In just over a year Scotland will hold a referendum about whether or not Scotland should become an Independent country, leaving its 300 year old union with the rest of the United Kingdom.
I should state at the outset that I am pro union and will be voting no in the referendum. But this piece is not about the pros and cons of independence, it’s about what comes after the vote.
Nobody knows what the outcome of the vote will be, but the one thing we do know is that all those who do vote either Yes or No will still be living together in Scotland the morning after.
We will have went through 2 years of increasingly bitter divisive campaigning with both sides making decisions based, at least in part, on winning this vote. I do think this has been and will increasingly become a time when Scottish politics stands still, with people frightened to take any radical stances, or decisions for fear it costs them in the referendum.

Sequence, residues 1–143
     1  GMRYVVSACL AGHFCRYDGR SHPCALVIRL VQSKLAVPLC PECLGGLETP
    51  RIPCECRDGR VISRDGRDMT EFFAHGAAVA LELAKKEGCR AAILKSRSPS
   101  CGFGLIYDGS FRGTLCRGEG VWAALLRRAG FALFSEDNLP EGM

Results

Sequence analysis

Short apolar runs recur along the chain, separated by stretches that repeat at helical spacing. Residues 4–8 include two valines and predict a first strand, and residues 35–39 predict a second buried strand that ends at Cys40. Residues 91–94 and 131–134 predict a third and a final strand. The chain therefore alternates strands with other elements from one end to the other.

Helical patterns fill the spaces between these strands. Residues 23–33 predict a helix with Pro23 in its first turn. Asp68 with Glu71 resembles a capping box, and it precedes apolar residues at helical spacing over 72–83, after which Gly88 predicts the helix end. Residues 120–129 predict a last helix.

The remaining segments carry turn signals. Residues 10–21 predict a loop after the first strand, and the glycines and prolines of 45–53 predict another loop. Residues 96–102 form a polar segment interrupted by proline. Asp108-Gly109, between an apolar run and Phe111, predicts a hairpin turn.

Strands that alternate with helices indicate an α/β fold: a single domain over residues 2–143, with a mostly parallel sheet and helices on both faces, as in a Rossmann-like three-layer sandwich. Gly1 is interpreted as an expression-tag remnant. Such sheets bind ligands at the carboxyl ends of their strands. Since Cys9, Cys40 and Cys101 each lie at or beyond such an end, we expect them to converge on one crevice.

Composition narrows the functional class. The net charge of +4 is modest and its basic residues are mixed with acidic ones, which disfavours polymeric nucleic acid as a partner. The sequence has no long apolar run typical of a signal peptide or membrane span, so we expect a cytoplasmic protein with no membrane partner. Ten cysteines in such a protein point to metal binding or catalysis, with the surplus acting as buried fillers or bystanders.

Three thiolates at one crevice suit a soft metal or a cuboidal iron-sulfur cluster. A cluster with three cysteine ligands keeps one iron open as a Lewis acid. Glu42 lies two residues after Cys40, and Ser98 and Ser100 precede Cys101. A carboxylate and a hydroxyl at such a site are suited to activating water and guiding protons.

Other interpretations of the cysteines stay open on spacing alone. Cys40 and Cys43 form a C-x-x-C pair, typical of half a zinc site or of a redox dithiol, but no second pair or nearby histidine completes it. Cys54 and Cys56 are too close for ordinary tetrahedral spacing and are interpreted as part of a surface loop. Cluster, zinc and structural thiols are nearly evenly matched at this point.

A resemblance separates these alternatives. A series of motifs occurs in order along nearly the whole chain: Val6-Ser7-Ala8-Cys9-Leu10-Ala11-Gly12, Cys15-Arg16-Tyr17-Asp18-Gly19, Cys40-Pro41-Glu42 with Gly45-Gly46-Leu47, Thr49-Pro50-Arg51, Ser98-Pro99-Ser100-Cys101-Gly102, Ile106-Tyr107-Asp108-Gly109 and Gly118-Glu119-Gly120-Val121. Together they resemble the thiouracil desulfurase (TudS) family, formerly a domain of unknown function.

So on day one after the vote it will become vital that all parties realise they have to put their differences to one side and work together for the common good of Scotland and its people.
Our present SNP lead administration will still be the party of Government, obviously should they win the day in the referendum they should find it easy to start implementing policies designed to really help Scotland improve, instead of the populist window dressing type of policy we have seen from them so far, Free prescriptions, 1000 extra police etc. Should the vote go the other way, I understand it will be difficult for them, but they need to accept that the people do not agree with their vision, they will still have a chance to become a true party of government and not one that is using it’s time in power for the sole purpose of winning the referendum.
Whatever the outcome it gives all parties the chance for a fresh start, let’s move away from the pettiness that we see each week at First Ministers Questions, and make our Parliament something that all Scots can be proud of.
Would it be too much to ask that we consider moving away from the party politics we presently have and allow our representatives to listen to their electorate and not orders from central office.
So when the dust settles let’s hope our political leaders have the intelligence and ambition to seize this once in a lifetime opportunity to really make a difference.
This might just result in Scotland showing the rest of the UK how it’s done or failing that it might mean a majority of Scots decide they have a real basis to go their own way.